The international mediators of the Israeli-Palestinian conflict, who are known as the quartet -- it consists of the United States, the European Union, Russia and the United Nations -- set the three conditions.

It remained unclear whether the language agreed upon by Fatah and Hamas would satisfy the quartet enough to restart the flow of hundreds of millions of dollars annually in foreign aid.

If the accord quiets the internal strife, Abbas could have freer rein to pursue a peace agreement with Israel at a time when the Bush administration is pushing new talks.

Secretary of State Condoleezza Rice is scheduled to join Abbas and Israeli Prime Minister Ehud Olmert on Feb. 19 for a three-way meeting in Jerusalem aimed at exploring the possible outlines of a final peace agreement.

If the Palestinian agreement holds, it could create a policy conundrum for the United States and Israel, which have sought to isolate the Hamas-led government by cutting off contacts and money.

In September, the two Palestinian groups announced a similar agreement on a unity government, but the deal fizzled almost as soon as it was declared. Subsequent talks went nowhere.

"For those who are afraid that this agreement will be similar to the previous one, I say, 'No,' " Meshaal said. "We swear to God in this blessed place that this agreement has our complete commitment."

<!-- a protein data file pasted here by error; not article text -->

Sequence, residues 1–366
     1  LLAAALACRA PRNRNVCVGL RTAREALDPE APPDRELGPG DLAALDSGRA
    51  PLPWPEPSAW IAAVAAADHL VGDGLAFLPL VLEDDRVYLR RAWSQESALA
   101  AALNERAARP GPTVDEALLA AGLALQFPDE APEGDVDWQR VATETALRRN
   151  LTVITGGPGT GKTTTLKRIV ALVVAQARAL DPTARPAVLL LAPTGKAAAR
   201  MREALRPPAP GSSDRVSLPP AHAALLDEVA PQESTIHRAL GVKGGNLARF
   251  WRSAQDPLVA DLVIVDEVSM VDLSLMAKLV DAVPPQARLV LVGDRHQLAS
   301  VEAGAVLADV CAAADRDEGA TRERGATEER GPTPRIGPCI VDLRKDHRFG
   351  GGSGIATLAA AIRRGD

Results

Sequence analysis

The proposed appointment of two independents to the planned Cabinet is likely to please both sides: Ziad abu Amr, a Gaza lawmaker, would be foreign minister; and Salam Fayyad, a former finance minister, would return to that position.

Tit-for-tat clashes had worsened in recent months, claiming more than 90 lives since midDecember. The talks in Mecca were seen as perhaps the last chance to reach a power-sharing deal in order to stave off wider civil strife.

Abbas had threatened to call early elections if the talks failed. But he knew that Fatah remained politically weak since losing last year and had no assurance of winning at the polls. Hamas argued that Abbas lacked authority to in effect disband the legislature, and he characterized any such move as a coup d'etat.

This time, Abbas negotiated directly with Meshaal, a hard-liner based in Damascus, the Syrian capital, rather than dealing with lower-ranking Hamas representatives in Gaza, such as Haniyeh, the prime minister. Abbas and Meshaal met in Damascus last month but did not reach an agreement.

The newest effort got a big push from Saudi Arabia, whose leaders have been eager for at least the appearance of progress in resolving the Middle East conflict.

The kingdom's role as mediator also reflects the desire of Saudi leaders to blunt the regional influence of rival Iran, which in recent months has cultivated closer ties to the Hamas-led government as much of the world has shunned it.

Special correspondent Fayed abu Shammaleh in Cairo contributed to this report.